I found that a high-carbohydrate diet increased my hunger, while a low-carb diet reduced it. This suggests that a low-carb diet doesn't necessarily lead to weight loss through increased energy utilization, but rather by reducing the amount one eats. On the other hand, a diet high in carbohydrates can lead to overeating and an insatiable hunger, particularly in extremely obese individuals.

The low-fat craze, which was prevalent during my upbringing, also contributes to increased hunger. While dietary fat may have some negative effects, numerous studies have shown that it actually reduces hunger. Removing fat from one's diet can result in a gradual increase in hunger, as the hypothalamus learns to associate fat intake with satiety over time.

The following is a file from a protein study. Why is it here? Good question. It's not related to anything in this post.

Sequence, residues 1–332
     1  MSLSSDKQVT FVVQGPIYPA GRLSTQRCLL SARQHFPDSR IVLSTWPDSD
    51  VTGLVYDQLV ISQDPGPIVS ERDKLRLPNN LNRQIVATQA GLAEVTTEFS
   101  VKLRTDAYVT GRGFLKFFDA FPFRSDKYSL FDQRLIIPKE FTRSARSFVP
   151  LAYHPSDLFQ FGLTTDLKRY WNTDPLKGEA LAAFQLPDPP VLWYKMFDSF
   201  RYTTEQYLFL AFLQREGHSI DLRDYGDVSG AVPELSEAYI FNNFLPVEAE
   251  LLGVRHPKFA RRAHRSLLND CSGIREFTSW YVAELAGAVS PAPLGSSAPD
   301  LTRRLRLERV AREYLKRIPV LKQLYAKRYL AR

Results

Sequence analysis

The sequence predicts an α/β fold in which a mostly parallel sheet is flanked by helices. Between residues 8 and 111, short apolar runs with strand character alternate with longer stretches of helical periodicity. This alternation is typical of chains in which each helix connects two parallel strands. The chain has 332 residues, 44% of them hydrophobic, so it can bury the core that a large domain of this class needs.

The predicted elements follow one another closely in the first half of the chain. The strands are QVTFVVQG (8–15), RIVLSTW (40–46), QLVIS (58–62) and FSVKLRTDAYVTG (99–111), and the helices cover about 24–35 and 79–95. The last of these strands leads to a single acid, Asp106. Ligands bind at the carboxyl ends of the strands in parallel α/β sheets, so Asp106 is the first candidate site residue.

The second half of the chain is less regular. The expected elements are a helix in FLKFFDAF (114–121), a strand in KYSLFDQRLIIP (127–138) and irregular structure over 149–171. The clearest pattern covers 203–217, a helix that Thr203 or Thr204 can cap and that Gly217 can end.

Finally, the chronic diet of calorie counting and constant monitoring of food intake can also contribute to increased hunger. By micromanaging one's hunger control mechanism, the natural balance is disrupted, leading to a vicious cycle of exerting willpower and ultimately failing.

Overall, the scientific literature and my own observations suggest that a diet high in carbohydrates, low in fat, and focused on calorie counting can all contribute to increased hunger. Small changes to one's diet can have a noticeable impact on hunger levels, emphasizing the importance of finding a diet that works for each individual.

William H. McDaniel, MD

Dr. Robert H. Shmerling is the former clinical chief of the division of rheumatology at Beth Israel Deaconess Medical Center (BIDMC), and is a current member of the corresponding faculty in medicine at Harvard Medical School.

Leave a Comment

Scroll to Top